Fencing datesback thousands of years to 1200 BCE where swordsmanship was performed as a formof military training for war, combats between two people and pastime by the Romans,Persians, Greeks, and Germanic tribes (Evangelista, 2017). Throughout theMiddle Ages, sword combat became a mastery of skill.
As the popularity of swordfighting increased, sword training schools with fencing masters also developed.Changes to the sword was also made for easier handling and protection of thehuman body so they were no longer used as weapons. The Italians and Frenchaltered the cross-bar of the sword so the bar would not pierce through the protectionlayer worn by the fighter, this added to the ease of handling but lost some ofthe strength of the sword (Castello, 1933). By the end of the 16thcentury, the sword had changed to become lighter and simpler to enhance controland speed.
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This fencing style was spread and developed across Europe and soon fencingbecame recognised as a form of art. Schools continued to teach fencing in safetraining environments, emphasising strategy and form. It was only in the late19th century that fencing became an organised sport, using a lightsabre in a duel (Evangelista, 2017). Technologyimpacted the scoring system of fencing majorly as traditional scoring was doneby five individuals giving votes, which led to issues such as cheating. Thiswas when an electronic scoring system was introduced in the late 1800s. Abuzzer was attached to the wall, with a wire wrapped around each fighter’s neckto the handle of their sword.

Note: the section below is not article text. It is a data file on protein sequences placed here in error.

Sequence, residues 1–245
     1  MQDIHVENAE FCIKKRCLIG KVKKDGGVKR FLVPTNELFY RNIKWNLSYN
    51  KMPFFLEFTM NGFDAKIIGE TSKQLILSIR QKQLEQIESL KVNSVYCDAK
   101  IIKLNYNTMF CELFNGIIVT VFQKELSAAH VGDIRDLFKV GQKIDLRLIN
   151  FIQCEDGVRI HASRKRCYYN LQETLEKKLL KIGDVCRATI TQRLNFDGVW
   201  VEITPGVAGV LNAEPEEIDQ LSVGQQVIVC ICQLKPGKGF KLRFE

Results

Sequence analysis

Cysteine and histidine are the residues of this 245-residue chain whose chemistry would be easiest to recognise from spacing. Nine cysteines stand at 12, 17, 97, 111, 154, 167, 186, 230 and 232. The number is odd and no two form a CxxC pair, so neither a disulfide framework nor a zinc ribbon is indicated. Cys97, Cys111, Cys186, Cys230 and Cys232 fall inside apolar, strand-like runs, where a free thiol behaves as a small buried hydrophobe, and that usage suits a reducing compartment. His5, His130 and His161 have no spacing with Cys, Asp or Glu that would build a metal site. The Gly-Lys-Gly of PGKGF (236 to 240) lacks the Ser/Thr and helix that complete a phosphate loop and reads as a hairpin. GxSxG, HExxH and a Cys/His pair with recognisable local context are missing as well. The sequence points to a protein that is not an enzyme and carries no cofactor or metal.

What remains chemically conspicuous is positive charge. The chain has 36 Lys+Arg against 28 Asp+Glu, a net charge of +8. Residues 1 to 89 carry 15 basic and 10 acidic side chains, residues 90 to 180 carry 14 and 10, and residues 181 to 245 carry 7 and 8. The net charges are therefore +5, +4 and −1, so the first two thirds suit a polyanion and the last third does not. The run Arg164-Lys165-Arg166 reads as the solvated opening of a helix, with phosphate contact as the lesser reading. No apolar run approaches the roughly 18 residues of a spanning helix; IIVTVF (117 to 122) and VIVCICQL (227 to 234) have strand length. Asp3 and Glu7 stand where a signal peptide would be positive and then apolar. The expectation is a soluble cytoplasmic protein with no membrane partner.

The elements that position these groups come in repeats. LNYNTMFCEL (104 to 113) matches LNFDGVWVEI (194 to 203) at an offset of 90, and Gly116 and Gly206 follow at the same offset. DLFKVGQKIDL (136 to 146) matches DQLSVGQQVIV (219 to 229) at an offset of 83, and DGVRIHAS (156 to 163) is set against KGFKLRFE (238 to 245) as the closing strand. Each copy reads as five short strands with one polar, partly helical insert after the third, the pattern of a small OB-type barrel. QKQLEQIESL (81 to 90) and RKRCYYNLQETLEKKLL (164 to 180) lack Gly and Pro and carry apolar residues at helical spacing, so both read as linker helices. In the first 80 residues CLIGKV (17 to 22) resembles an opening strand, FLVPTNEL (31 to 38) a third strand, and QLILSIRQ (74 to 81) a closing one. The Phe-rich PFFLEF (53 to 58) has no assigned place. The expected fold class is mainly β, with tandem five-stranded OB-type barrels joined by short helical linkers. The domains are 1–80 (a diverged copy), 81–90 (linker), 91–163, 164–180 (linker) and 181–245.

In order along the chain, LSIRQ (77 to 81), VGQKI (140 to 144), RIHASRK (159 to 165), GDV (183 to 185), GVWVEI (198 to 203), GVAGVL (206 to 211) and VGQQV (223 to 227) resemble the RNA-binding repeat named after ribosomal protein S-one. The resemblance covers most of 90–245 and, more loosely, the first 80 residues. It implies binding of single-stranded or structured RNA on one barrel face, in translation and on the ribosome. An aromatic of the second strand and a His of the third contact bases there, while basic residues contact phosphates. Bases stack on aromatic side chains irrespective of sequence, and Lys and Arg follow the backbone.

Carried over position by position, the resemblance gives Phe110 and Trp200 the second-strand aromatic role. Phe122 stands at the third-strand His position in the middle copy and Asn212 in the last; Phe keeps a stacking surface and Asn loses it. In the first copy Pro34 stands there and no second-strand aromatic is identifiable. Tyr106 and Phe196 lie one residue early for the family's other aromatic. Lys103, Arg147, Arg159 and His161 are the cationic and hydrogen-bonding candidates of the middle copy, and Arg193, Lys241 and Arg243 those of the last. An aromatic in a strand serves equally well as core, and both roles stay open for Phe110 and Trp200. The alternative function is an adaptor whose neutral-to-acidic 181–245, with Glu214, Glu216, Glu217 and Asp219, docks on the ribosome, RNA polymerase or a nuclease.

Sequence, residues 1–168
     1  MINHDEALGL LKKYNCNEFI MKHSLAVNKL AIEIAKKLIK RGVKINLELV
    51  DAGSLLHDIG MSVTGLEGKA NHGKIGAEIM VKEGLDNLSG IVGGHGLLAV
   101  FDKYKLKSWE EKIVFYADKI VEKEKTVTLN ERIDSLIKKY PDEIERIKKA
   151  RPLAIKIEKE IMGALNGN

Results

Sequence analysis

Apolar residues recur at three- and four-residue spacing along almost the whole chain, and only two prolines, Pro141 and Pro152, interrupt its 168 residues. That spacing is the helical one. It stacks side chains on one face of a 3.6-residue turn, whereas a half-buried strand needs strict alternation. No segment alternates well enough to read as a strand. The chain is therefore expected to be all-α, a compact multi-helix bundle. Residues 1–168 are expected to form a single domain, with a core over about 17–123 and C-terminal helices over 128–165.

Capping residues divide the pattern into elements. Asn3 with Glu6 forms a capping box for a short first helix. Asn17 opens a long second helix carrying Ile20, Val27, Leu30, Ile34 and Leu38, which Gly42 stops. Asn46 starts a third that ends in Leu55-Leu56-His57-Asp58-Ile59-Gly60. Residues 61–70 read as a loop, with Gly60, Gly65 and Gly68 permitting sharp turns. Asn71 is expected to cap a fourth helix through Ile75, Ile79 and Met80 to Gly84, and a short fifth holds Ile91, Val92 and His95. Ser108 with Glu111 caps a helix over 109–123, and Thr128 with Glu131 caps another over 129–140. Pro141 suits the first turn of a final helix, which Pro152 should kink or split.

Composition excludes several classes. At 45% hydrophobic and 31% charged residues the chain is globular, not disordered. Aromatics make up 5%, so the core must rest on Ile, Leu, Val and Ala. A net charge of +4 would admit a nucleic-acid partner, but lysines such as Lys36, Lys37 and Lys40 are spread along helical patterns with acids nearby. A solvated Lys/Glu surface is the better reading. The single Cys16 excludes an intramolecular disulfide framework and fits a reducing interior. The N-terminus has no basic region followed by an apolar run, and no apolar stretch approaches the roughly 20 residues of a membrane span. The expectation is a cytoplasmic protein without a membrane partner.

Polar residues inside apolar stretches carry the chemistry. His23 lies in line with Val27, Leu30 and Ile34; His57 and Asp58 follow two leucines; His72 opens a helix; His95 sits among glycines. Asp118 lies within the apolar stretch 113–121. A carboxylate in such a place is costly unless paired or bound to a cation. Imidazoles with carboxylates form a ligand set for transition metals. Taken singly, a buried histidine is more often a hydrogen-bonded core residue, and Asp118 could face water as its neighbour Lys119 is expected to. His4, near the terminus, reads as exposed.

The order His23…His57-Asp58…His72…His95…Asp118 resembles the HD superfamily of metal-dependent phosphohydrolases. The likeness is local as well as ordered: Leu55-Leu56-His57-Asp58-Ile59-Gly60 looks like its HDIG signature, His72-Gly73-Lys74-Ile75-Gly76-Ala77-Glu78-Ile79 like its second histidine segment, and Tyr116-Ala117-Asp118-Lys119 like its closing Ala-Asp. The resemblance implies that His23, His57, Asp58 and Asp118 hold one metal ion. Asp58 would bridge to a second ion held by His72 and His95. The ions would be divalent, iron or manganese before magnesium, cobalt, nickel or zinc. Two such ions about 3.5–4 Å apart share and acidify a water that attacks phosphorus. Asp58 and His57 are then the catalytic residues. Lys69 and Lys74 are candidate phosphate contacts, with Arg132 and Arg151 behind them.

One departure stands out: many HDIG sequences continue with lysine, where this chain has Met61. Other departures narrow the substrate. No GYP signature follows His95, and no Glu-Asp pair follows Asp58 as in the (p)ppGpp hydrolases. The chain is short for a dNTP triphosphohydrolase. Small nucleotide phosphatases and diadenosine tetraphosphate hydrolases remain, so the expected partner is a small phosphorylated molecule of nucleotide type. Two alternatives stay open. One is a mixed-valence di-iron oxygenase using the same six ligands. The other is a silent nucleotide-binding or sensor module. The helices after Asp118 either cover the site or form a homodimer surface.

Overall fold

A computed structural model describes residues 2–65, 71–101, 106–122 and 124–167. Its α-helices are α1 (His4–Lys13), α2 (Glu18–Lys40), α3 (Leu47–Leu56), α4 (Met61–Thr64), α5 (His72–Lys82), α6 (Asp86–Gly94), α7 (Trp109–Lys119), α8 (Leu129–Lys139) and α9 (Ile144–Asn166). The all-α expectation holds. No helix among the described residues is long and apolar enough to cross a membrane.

When a hit was made, the blade of the sword wouldbe pressed back into the handle, completing a circuit and activating thebuzzer. As technology advanced, wireless systems were developed and fighterswore conductive jackets, masks and cuffs to improve the signal. Lights nowappear on the fighter’s mask to signal whether a hit has been successful (Ford,2016). Thereare three types of weapons used in fencing, including the sabre, foil and epee.Competitors must wear the appropriate clothing checked by officials to ensuresafety, including fencing pants and a jacket called a lame, face mask, and fencingglove. Fencers compete on a strip of material that measures five to seven feetwide and 46 feet long and they have to stay on it at all times. A point togiven to each fencer when they touch their opponent in an approved target zone withtheir weapon. The target changes with the different weapons used.
Any part ofthe body counts as a touch in epee fencing, while in sabre fencing only areasabove the waist are within the target zone and in foil fencing, only the trunkof the body can be targeted. A fencing match may last three minutes with thefirst to five touches, or it may last nine minutes with 15 touches. Whenever atouch is made, a new round begins. If a fencer steps out the boundaries, theopponent is awarded one meter of ground on the restart round.
Officials mayalso award a fencer one touch if the opponent displays unethical behaviour, lackof sportsmanship or attacks with both hands.